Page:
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Two Centuries of Symphony; Classical First Movement, The

Approximate date: 1959


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Series
Two Centuries of Symphony
Program
Classical First Movement, The
Program Number

101

Series Description

20 programs to the series. This series will deal with the symphony as musical composition. It will feature Mr. G. Wallace Woodworth, Professor of Music and Lowell Television Lecturer at Harvard University. The format will be lecture-demonstration utilizing piano, recordings, and orchestras ranging from 13 to 26 players. Orchestras, of the sizes indicated, will be employed on program numbers 4 (13), 5 (17), and 20 (26).

The purpose of the series is to analyze the four movements of the symphony as expressed in the Classical, Romantic, and Contemporary schools of music in such a way to make the viewers attendance at symphonies more meaningful.

The literature of the symphony orchestra has been the mainstream of musical art in modern times. The symphony is the largest, and possibly the most characteristic form of musical expression during the last two centuries. It has a continuous history, reflecting the changing styles of classical, romantic and contemporary art. This series has two objectives: first, to help listeners to listen intelligently and thereby to increase their enjoyment of symphonic music; second, to survey the main currents in the development of musical style through representative works from symphonic literature. The first ten programs are devoted to the classical symphonies of Haydn, Mozart and Beethoven, in the period when the new form was created, developed and perfected. The remaining programs show the continuous life of the symphony through the romantic period, the outburst of national schools, and the conflicting currents of 20th Century art. The last three programs are devoted to the American symphony. Four programs are illustrated by the Cambridge Festival Orchestra. The other illustrations are drawn from recorded music. The visual aids include symphonic scores, diagrams, and outlines of many kinds. Rear-screen projection of scores enables the viewer to watch both the conductor and the music as a work is being performed.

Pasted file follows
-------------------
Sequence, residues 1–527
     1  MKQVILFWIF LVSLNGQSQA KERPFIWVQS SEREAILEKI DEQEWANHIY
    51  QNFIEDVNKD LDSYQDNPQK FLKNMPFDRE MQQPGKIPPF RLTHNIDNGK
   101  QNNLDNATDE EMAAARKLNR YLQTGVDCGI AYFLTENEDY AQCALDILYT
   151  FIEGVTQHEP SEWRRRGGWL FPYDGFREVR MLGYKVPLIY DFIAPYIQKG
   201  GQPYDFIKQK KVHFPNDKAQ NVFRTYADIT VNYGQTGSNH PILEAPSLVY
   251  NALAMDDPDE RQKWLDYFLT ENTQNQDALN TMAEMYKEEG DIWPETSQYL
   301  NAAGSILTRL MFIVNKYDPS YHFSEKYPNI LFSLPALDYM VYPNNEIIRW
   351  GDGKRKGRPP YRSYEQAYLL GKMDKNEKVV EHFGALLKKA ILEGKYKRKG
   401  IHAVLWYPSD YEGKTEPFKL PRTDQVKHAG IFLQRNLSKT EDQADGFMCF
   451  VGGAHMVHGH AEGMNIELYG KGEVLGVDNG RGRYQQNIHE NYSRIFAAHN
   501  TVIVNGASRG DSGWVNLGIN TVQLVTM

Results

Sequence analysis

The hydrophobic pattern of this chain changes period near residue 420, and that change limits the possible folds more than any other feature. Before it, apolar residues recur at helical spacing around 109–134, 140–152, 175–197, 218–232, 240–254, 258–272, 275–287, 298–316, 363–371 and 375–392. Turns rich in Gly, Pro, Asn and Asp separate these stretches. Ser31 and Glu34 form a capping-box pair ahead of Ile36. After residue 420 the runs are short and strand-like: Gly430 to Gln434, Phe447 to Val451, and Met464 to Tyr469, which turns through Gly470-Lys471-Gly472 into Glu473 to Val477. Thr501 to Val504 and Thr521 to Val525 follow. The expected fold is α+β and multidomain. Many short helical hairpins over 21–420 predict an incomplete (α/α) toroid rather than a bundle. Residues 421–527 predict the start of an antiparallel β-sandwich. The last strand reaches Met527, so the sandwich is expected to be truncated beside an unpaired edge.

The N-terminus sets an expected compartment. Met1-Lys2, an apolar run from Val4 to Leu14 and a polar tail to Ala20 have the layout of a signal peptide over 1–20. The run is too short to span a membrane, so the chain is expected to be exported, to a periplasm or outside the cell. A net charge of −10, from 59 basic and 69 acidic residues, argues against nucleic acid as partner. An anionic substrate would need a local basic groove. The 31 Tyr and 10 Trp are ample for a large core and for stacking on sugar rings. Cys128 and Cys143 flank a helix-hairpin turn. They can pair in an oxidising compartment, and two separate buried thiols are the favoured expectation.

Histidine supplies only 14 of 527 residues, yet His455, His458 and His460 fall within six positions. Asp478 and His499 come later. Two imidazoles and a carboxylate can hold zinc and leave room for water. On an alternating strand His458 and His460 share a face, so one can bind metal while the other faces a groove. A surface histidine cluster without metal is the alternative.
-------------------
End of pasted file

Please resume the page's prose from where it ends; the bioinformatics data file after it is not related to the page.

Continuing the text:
Professor G. Wallace Woodworth has taught music at Harvard University since 1926. Formerly director of the Harvard Glee Club and the Radcliffe Choral Society, he has led the Boston Symphony Orchestra, the Chicago Symphony, and collegiate orchestras. He is a fellow of the American Academy of Arts and Sciences and the American Musicological Society, an honorary member of Phi Beta Kappa, and a member of the Board of the RCA-Victor Society of Great Music. Series release date: 1959

Program Description

Series Description: 20 programs to the series. This series will deal with the symphony as musical composition. It will feature Mr. G. Wallace Woodworth, Professor of Music and Lowell Television Lecturer at Harvard University. The format will be lecture-demonstration utilizing piano, recordings, and orchestras ranging from 13 to 26 players. Orchestras, of the sizes indicated, will be employed on program numbers 4 (13), 5 (17), and 20 (26).